In February 1782, Sumter learned that the fort was running low on stores. His small army at the time consisted of 280 men. He hoped he might capture the fort with just them. Sumter’s first effort was to paint some logs black to appear as if they were cannons. He called on the fort to surrender. The enemy commander, however, at least suspected this was a bluff and refused to surrender. Sumter then ordered his men to charge the fort walls, but were easily repulsed.
With that, Sumter settled in to besiege the fort, using rifle fire to harass the enemy garrison. He called on Colonel Marion to bring reinforcements to take the fort. Marion never made it there. The siege began in February, before Lord Rawdon was forced to abandon nearby Camden. Rawdon dispatched 600 infantry, 200 cavalry, and two field artillery pieces as a relief force to break the siege.
When Sumter learned the relief force was on its way, he lifted the siege and moved down river to attack a loyalist plantation instead.
In early May, Sumter had raised a larger army. He thought this would be a good time to renew his effort to take Fort Granby. He brought an army of between 400 and 500 men to renew the siege. Inside the fort, Major Maxwell had increased his garrison to about 340 loyalists and had five or six cannons.
Sumter sent a request to Greene for artillery. Greene sent one cannon. Realizing that the siege was mostly going to involve a lot of waiting until the garrison go hungry, Sumter left a small portion of his army to continue the siege, while he took the cannon and the bulk of his force to attack the town of Orangeburg, more than a day’s march to the south.
Sumter’s army arrived at Orangeburg on the night of May 10. The following morning, the loyalist garrison at Orangeburg under Colonel John Fish surrendered. This was a much smaller force of six officers and 83 men. Sumter also captured a valuable cache of supplies.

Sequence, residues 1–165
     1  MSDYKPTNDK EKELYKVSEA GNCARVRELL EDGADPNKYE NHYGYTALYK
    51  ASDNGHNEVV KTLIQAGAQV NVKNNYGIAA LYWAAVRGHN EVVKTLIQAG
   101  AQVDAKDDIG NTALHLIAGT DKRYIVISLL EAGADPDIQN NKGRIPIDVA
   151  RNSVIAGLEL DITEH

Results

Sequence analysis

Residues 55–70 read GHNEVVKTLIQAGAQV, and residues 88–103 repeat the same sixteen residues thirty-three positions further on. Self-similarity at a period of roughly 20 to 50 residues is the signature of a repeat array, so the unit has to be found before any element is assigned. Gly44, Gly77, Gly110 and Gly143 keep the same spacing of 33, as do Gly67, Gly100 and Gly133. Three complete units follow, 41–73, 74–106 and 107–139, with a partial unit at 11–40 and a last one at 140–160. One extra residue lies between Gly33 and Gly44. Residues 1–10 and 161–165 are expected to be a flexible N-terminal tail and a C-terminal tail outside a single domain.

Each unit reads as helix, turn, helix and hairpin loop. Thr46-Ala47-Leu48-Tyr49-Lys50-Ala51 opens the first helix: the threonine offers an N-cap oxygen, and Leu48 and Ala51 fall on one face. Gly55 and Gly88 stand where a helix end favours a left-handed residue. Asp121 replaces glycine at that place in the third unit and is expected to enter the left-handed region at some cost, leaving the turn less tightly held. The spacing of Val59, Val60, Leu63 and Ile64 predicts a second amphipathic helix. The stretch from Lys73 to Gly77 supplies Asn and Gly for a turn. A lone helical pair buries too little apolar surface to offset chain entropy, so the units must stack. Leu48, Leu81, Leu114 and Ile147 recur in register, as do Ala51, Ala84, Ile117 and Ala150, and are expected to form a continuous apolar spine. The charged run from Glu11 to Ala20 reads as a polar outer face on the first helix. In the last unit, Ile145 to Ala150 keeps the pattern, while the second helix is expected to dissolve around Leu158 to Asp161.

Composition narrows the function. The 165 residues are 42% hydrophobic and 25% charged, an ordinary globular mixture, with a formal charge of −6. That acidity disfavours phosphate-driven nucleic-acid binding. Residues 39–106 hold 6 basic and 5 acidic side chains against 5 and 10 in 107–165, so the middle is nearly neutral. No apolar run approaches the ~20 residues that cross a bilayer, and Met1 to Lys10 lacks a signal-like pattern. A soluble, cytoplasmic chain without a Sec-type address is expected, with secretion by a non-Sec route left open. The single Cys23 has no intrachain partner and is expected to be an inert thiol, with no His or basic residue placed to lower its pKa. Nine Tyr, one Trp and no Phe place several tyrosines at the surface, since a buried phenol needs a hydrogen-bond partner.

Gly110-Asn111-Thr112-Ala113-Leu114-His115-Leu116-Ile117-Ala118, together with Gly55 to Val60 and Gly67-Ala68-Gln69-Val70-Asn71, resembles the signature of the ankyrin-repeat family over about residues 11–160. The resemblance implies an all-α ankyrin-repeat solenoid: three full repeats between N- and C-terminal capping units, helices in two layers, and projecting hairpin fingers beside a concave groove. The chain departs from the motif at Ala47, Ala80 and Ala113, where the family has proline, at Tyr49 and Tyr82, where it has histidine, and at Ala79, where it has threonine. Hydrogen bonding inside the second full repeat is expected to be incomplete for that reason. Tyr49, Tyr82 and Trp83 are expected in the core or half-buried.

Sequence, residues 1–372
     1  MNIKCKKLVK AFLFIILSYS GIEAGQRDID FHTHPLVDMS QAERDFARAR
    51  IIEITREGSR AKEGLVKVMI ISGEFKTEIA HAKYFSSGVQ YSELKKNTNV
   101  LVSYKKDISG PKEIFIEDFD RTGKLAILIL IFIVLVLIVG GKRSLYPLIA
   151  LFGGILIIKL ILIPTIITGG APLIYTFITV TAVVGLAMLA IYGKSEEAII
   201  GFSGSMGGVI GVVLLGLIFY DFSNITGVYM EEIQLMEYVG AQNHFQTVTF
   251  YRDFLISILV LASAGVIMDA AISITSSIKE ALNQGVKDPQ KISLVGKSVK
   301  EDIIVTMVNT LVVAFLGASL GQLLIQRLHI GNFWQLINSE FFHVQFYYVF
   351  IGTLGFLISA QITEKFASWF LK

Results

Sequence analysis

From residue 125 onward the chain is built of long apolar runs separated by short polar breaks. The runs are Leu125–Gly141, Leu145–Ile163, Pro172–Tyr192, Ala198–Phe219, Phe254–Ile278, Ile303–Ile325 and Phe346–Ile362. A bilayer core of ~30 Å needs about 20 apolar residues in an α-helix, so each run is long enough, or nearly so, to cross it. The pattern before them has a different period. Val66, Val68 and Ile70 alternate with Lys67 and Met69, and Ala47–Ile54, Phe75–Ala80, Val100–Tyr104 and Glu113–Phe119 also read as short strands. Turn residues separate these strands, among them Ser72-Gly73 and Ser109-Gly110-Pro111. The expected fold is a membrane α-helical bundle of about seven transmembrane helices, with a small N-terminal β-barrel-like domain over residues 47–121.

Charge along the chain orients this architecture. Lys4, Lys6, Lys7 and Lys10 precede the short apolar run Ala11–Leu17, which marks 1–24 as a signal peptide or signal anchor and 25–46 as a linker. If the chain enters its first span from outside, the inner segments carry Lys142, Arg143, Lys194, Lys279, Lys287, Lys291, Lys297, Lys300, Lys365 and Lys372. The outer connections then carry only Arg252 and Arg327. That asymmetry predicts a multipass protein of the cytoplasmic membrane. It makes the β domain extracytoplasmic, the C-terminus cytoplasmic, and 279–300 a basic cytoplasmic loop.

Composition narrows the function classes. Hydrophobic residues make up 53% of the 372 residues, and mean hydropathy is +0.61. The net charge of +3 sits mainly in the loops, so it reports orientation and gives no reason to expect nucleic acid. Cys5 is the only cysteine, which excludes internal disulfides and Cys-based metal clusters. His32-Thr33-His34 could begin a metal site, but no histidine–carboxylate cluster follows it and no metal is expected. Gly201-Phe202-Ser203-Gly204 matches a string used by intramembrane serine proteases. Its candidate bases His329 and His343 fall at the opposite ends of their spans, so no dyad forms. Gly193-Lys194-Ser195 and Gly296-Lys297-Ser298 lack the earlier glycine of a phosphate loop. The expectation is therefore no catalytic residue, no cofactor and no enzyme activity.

Sumter sent the prisoners to General Greene, although the guards taking them apparently murdered some of the prisoners during the march. Sumter took the remainder of his army to Fort Motte, where he thought Light Horse Harry Lee and Francis Marion were still holding the fort under siege. On his arrival, he learned that the Americans had already taken the fort and moved on. Sumter then returned to Orangeburg for a few days.
While Sumter was away at Orangeburg, Light Horse Harry Lee rode to Granby with about 400 or 500 infantry as well as a cannon of his own. He had just succeeded in taking Fort Motte and was aware that Lord Rawdon was in the process of returning to Charleston.
Lee fired on the fort that evening with his cannon and infantry. The next morning, May 15, Lee called on the garrison to surrender. Maxwell agreed to surrender on two conditions: his men could keep the plunder they had in the fort, and that they could withdraw to Charleston on parole and wait there to be exchanged. The rest of the fort’s stores would be turned over to the Americans.
Lee agreed to the terms and permitted the enemy to depart with their horses and wagons. The Americans took command of the fort as well as nearly 200 muskets and 9000 cartridges, along with powder, lead, and flints.